Contents IT Operations Management Previous Topic Next Topic Override upper and lower bounds for a metric ... SAVE AS PDF Selected Topic Topic & Subtopics All Topics in Contents Other Share Override upper and lower bounds for a metric You can specify static upper and lower bounds for an Operational Intelligence metric, that override the learned bounds and affect anomaly scores. Before you beginRole required: evt_mgmt_admin About this task Operational Intelligence establishes upper and lower control bounds for metrics using statistical models that learn historical metric data. Upper and lower bounds are then used in the analysis for detecting anomalous CIs. However, a specific metric might have a known typical value for upper or lower bounds, that is based on data in your organization. For example, the value for a CPU metric does not exceed 85%. When such concrete upper or lower bound values are known for a metric, you can configure that metric with static bounds to override the statistical analysis. When a metric value is outside a control bound, the deviation beyond the control bound is normalized by a width measurement that is usually computed from data. Lower and upper width values determine how much a metric value needs to exceed the control bounds to be anomalous. Changing the width that is used to compute the increment above or below control bounds, affects how quickly a high anomaly score is reached. Higher values for lower and upper width, decrease anomaly scores and so decrease the time for a CI to become anomalous. When static values from a metric class are applied, a different method can be used to compute the lower and upper widths, or the widths can be completely overridden. A metric class is where you define custom control bounds and custom widths. Static upper and lower bounds from a metric class override the learned bounds for the metric, and subsequent analysis uses the static bound values. The high level steps to set static values for metric bounds and widths for a specific metric are: Create a metric class in which you define custom values. Associate this metric class with the metric that it applies to. A metric class can be set with a pre-defined class type that determine how static lower and upper bound values are computed and used with the statistical model: Static Centered Intended to be used with metric data that is typically spread symmetrically between the upper and lower bounds. With this setting, the formula that is used to set bounds and width values, ignores the statistical data. In this setting, the lower and the upper widths have the same value. Static Skewed Intended to be used with metric data that is not evenly spread between the upper and lower bounds, and that typically tends to concentrate closer to one of the bounds. The upper and lower bounds in this case, are not symmetric around the data. With this setting, the median of the data is used to separately compute an upper width and a lower width. Other Applies a statistical model other than one of the static models (Static Centered and Static Skewed). With this setting, the distance between the bounds decreases as the values for the upper bound and lower bound are set as follows: Lower bound is the higher value between the learned lower bound and the Lower bound specified in the metric class. Upper bound is the lower of the learned upper bound and the Upper bound specified in the metric class. You can also override the learned lower and upper width values for a metric. These values determine how much a metric value needs to exceed the bounds to be anomalous. Changing the range of values (width) used to compute the increment above or below bounds, affects the speed of reaching a high anomaly score. Procedure Navigate to Operational Intelligence > Metric Classes. In the Metric Class list view, click New. Fill out the Metric Class form, and then click Submit. Field Description Name A unique name for the metric class. Lower Bound Static value that overrides the learned lower bound for the metric. Upper Bound Static value that overrides the learned upper bound for the metric. Upper Bound must be greater than Lower Bound. Class Type Determines how the static bounds are used with the statistical model. Static Centered Static Skewed Other Lower Width Override Applies when Class Type is set to Static Skewed. A static value that overrides the learned lower width. Upper Width Override Applies when Class Type is set to Static Skewed as a static value that overrides the learned upper width. Associate the metric class with a metric type: Navigate to Operational Intelligence > Metric Types. Double-click in the Metric Class column of the metric type that you want to associate the metric class with. Select a metric class and then click Save. On this page Send Feedback Previous Topic Next Topic

Override upper and lower bounds for a metric You can specify static upper and lower bounds for an Operational Intelligence metric, that override the learned bounds and affect anomaly scores. Before you beginRole required: evt_mgmt_admin About this task Operational Intelligence establishes upper and lower control bounds for metrics using statistical models that learn historical metric data. Upper and lower bounds are then used in the analysis for detecting anomalous CIs. However, a specific metric might have a known typical value for upper or lower bounds, that is based on data in your organization. For example, the value for a CPU metric does not exceed 85%. When such concrete upper or lower bound values are known for a metric, you can configure that metric with static bounds to override the statistical analysis. When a metric value is outside a control bound, the deviation beyond the control bound is normalized by a width measurement that is usually computed from data. Lower and upper width values determine how much a metric value needs to exceed the control bounds to be anomalous. Changing the width that is used to compute the increment above or below control bounds, affects how quickly a high anomaly score is reached. Higher values for lower and upper width, decrease anomaly scores and so decrease the time for a CI to become anomalous. When static values from a metric class are applied, a different method can be used to compute the lower and upper widths, or the widths can be completely overridden. A metric class is where you define custom control bounds and custom widths. Static upper and lower bounds from a metric class override the learned bounds for the metric, and subsequent analysis uses the static bound values. The high level steps to set static values for metric bounds and widths for a specific metric are: Create a metric class in which you define custom values. Associate this metric class with the metric that it applies to. A metric class can be set with a pre-defined class type that determine how static lower and upper bound values are computed and used with the statistical model: Static Centered Intended to be used with metric data that is typically spread symmetrically between the upper and lower bounds. With this setting, the formula that is used to set bounds and width values, ignores the statistical data. In this setting, the lower and the upper widths have the same value. Static Skewed Intended to be used with metric data that is not evenly spread between the upper and lower bounds, and that typically tends to concentrate closer to one of the bounds. The upper and lower bounds in this case, are not symmetric around the data. With this setting, the median of the data is used to separately compute an upper width and a lower width. Other Applies a statistical model other than one of the static models (Static Centered and Static Skewed). With this setting, the distance between the bounds decreases as the values for the upper bound and lower bound are set as follows: Lower bound is the higher value between the learned lower bound and the Lower bound specified in the metric class. Upper bound is the lower of the learned upper bound and the Upper bound specified in the metric class. You can also override the learned lower and upper width values for a metric. These values determine how much a metric value needs to exceed the bounds to be anomalous. Changing the range of values (width) used to compute the increment above or below bounds, affects the speed of reaching a high anomaly score. Procedure Navigate to Operational Intelligence > Metric Classes. In the Metric Class list view, click New. Fill out the Metric Class form, and then click Submit. Field Description Name A unique name for the metric class. Lower Bound Static value that overrides the learned lower bound for the metric. Upper Bound Static value that overrides the learned upper bound for the metric. Upper Bound must be greater than Lower Bound. Class Type Determines how the static bounds are used with the statistical model. Static Centered Static Skewed Other Lower Width Override Applies when Class Type is set to Static Skewed. A static value that overrides the learned lower width. Upper Width Override Applies when Class Type is set to Static Skewed as a static value that overrides the learned upper width. Associate the metric class with a metric type: Navigate to Operational Intelligence > Metric Types. Double-click in the Metric Class column of the metric type that you want to associate the metric class with. Select a metric class and then click Save.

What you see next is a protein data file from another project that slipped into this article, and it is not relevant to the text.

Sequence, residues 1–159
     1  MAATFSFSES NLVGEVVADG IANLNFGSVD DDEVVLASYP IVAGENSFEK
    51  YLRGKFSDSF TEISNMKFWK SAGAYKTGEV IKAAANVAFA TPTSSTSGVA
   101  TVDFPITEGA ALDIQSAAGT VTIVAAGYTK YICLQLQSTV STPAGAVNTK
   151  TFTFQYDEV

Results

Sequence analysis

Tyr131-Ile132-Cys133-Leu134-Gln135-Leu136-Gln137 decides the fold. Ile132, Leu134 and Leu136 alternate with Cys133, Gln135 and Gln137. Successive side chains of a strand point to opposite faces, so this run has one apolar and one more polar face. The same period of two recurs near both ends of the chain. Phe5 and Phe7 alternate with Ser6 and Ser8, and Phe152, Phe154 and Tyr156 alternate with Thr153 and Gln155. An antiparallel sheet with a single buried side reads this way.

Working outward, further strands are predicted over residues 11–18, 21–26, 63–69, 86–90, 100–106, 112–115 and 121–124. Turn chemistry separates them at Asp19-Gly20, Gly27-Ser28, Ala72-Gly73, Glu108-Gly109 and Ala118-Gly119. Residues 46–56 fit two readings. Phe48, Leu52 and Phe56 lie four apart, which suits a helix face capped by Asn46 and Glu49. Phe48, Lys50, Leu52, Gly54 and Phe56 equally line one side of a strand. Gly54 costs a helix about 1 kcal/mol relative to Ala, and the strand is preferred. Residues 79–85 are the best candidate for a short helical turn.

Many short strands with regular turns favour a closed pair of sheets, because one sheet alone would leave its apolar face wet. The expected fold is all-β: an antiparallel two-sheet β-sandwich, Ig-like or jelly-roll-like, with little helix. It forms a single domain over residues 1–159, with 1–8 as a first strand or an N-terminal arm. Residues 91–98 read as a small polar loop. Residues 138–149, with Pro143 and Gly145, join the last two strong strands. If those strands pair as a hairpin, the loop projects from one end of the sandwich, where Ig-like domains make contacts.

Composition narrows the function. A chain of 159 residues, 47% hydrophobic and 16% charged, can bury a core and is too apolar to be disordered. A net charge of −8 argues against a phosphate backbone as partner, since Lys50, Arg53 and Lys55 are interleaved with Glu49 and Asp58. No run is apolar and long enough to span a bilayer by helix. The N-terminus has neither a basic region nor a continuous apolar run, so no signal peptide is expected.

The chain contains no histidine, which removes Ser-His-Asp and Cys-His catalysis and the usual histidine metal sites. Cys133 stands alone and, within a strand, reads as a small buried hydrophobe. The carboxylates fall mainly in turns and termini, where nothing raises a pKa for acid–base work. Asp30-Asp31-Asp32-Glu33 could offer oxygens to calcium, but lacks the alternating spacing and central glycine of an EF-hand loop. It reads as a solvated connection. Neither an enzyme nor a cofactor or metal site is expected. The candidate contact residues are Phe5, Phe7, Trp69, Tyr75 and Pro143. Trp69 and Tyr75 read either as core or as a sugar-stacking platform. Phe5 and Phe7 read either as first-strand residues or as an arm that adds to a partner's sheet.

Override upper and lower bounds for a metric You can specify static upper and lower bounds for an Operational Intelligence metric, that override the learned bounds and affect anomaly scores. Before you beginRole required: evt_mgmt_admin About this task Operational Intelligence establishes upper and lower control bounds for metrics using statistical models that learn historical metric data. Upper and lower bounds are then used in the analysis for detecting anomalous CIs. However, a specific metric might have a known typical value for upper or lower bounds, that is based on data in your organization. For example, the value for a CPU metric does not exceed 85%. When such concrete upper or lower bound values are known for a metric, you can configure that metric with static bounds to override the statistical analysis. When a metric value is outside a control bound, the deviation beyond the control bound is normalized by a width measurement that is usually computed from data. Lower and upper width values determine how much a metric value needs to exceed the control bounds to be anomalous. Changing the width that is used to compute the increment above or below control bounds, affects how quickly a high anomaly score is reached. Higher values for lower and upper width, decrease anomaly scores and so decrease the time for a CI to become anomalous. When static values from a metric class are applied, a different method can be used to compute the lower and upper widths, or the widths can be completely overridden. A metric class is where you define custom control bounds and custom widths. Static upper and lower bounds from a metric class override the learned bounds for the metric, and subsequent analysis uses the static bound values. The high level steps to set static values for metric bounds and widths for a specific metric are: Create a metric class in which you define custom values. Associate this metric class with the metric that it applies to. A metric class can be set with a pre-defined class type that determine how static lower and upper bound values are computed and used with the statistical model: Static Centered Intended to be used with metric data that is typically spread symmetrically between the upper and lower bounds. With this setting, the formula that is used to set bounds and width values, ignores the statistical data. In this setting, the lower and the upper widths have the same value. Static Skewed Intended to be used with metric data that is not evenly spread between the upper and lower bounds, and that typically tends to concentrate closer to one of the bounds. The upper and lower bounds in this case, are not symmetric around the data. With this setting, the median of the data is used to separately compute an upper width and a lower width. Other Applies a statistical model other than one of the static models (Static Centered and Static Skewed). With this setting, the distance between the bounds decreases as the values for the upper bound and lower bound are set as follows: Lower bound is the higher value between the learned lower bound and the Lower bound specified in the metric class. Upper bound is the lower of the learned upper bound and the Upper bound specified in the metric class. You can also override the learned lower and upper width values for a metric. These values determine how much a metric value needs to exceed the bounds to be anomalous. Changing the range of values (width) used to compute the increment above or below bounds, affects the speed of reaching a high anomaly score. Procedure Navigate to Operational Intelligence > Metric Classes. In the Metric Class list view, click New. Fill out the Metric Class form, and then click Submit. Field Description Name A unique name for the metric class. Lower Bound Static value that overrides the learned lower bound for the metric. Upper Bound Static value that overrides the learned upper bound for the metric. Upper Bound must be greater than Lower Bound. Class Type Determines how the static bounds are used with the statistical model. Static Centered Static Skewed Other Lower Width Override Applies when Class Type is set to Static Skewed. A static value that overrides the learned lower width. Upper Width Override Applies when Class Type is set to Static Skewed as a static value that overrides the learned upper width. Associate the metric class with a metric type: Navigate to Operational Intelligence > Metric Types. Double-click in the Metric Class column of the metric type that you want to associate the metric class with. Select a metric class and then click Save.